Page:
The rest of the complex, a vast maze of exhibition halls, gallery spaces, theaters, libraries, lounges, and playgrounds surrounded by gardens with striking sculptural installations, was built from scratch. Yet in spite of its size and cutting-edge architecture, it blended well with the surrounding city and imparted a sense of being organic. Our tour guide explained the designer deliberately kept the buildings low and opted to build underground so as not to compete with Gwangju’s tallest peak, Mt. Mudeung.
Inside those rambling buildings, over the next three days, I joined a couple of dozen writers from Singapore, Taiwan, Turkey, and Vietnam, as well as from Korea, in a similarly rambling conversation about “Asia’s Lost Faces,” the theme of the festival.
It was in the panel discussion on Asia’s young people, where I was invited to take part, that I gleaned what might have prompted my sense of discomfort watching the K-pop dance fest in Glorietta a few weeks back. In her presentation, the young novelist Park Seo-ryeong talked about the reality of discrimination experienced by non-Korean K-pop artists and fans. “They are not Koreans, but they love Korea more than anyone, and for that they are despised,” she wrote.
Certainly, not everyone despises foreign K-pop fans. After all, K-pop has been a boon to Korea. K-pop, after all, along with the larger hallyu phenomenon, is mainly about selling a brand. Fans and followers are a market for K-dramas, K-music, K-dance, and K-what-have-you. A market for multi-step skincare products and for tteokboki and soju and ssamgyupsal. A market for Korean-made mobile phones and home appliances. In a way, K-pop is a kind of sophisticated and seamless advertising campaign.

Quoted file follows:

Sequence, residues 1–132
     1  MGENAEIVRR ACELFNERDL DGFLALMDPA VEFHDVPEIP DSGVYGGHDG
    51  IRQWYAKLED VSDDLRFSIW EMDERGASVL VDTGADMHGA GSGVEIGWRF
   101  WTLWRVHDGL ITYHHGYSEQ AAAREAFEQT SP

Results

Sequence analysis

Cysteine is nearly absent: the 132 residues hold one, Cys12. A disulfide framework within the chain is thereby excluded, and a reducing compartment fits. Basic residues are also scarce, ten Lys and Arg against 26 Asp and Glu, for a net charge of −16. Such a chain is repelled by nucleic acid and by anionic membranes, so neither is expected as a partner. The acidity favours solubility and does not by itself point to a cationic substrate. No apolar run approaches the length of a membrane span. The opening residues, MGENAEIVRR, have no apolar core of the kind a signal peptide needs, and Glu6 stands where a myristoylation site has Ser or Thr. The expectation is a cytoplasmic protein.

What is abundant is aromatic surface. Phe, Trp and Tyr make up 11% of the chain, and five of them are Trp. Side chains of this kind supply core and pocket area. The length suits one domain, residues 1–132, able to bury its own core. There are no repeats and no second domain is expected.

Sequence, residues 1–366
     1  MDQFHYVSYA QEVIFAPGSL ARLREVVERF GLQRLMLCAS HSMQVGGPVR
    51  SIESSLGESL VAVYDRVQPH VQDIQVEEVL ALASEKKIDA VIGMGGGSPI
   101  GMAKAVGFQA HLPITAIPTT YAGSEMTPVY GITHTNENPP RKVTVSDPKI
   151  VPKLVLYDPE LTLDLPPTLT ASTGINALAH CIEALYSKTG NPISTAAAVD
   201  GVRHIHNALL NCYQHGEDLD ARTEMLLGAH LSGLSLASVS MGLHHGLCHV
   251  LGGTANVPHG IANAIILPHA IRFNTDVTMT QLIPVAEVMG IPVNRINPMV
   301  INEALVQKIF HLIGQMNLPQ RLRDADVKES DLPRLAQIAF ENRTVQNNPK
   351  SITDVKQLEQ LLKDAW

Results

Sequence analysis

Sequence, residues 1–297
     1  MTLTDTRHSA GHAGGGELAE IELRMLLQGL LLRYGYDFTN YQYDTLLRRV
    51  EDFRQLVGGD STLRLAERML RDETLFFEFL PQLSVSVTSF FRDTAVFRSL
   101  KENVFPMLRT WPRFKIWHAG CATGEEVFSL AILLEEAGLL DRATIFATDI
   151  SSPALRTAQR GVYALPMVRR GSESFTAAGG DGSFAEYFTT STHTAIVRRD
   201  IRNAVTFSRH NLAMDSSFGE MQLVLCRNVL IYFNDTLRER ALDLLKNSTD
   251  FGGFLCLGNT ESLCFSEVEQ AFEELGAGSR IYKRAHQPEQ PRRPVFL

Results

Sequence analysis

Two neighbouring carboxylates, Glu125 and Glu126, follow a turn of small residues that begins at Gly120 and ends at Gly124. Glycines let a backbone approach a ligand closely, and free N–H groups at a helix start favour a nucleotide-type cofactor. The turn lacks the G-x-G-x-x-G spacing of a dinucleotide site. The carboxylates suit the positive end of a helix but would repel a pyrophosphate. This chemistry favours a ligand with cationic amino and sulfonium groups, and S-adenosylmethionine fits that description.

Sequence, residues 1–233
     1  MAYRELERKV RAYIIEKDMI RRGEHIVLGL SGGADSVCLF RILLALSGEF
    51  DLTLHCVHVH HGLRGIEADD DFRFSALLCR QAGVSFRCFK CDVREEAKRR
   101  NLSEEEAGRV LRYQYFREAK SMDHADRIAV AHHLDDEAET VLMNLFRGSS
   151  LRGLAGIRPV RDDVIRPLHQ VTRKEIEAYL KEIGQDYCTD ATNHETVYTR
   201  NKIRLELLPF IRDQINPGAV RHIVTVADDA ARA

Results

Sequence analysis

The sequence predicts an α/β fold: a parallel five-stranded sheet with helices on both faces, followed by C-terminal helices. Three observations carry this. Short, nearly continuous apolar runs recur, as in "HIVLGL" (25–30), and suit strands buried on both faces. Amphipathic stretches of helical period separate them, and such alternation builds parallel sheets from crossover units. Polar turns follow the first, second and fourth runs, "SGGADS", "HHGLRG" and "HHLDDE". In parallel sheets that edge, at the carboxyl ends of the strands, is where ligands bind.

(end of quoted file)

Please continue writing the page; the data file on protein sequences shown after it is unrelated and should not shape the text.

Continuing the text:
The K-poetry I heard in Gwangju, if I might call it that, differed somewhat. It was not trying to sell something. It was a witnessing, a memorial, grappling with the fraught history of the city as well as other thorny themes like climate change and war.
Moreover, during the poetry night held on the second evening of the festival, the lineup included not only Korean poets, but also foreign ones. Alvin Pang from Singapore and Bejan Matur, a Kurdish writer from Turkey, recited their verses and were accorded the same attentive hush and appreciative applause as their Korean counterparts. The Asian Literary Award was presented to Shi-jong Kim, a zainichi Korean – a term for an ethnic Korean living in Japan – who writes in Japanese.
This was art, I thought, as opposed to advertising. Poetry as opposed to promotion or propaganda. Where the latter is unilateral, closed, and hierarchical, the former is dialogical, open, and equal.
At dinner on the first night, I sat across Ms. Kim Soo-woo, a Korean poet from Busan who had translated the works of the Spanish writer Jose Marti into Korean. With the help of my interpreter, she told me she admired the works of Jose Rizal. She called him a genius. Then, at dinner on the final night, the event’s lead curator came over to our table and let it drop that they would always be grateful to the Philippines and Turkey (Bejan was at the table as well) for coming to South Korea’s aid during the Korean war.
The festival’s theme questioned how our image, as Asians, tended to be shaped by the perspective of outsiders. It is time we overcame that and started seeing ourselves and each other, drawing on our common regard for each other as a basis of solidarity, it was suggested.
To do this, we need to find level ground on which to stand and look in each other’s eyes. We need to build with an awareness of and sensitivity to our neighbors instead of trying to outstrip and overshadow each other, in the same way the ACC was built to complement, not compete with, Mudeungsan.
We need to see others as more than just consumers, but rather, as fellow creators. This was the lesson I took from Gwangju. And I didn’t have to smuggle it out in a biscuit tin. – Rappler.com
Catherine Torres is a writer and development worker. She is the author of the National Book Award-winning Mariposa Gang and Other Stories and the YA novel Sula’s Voyage.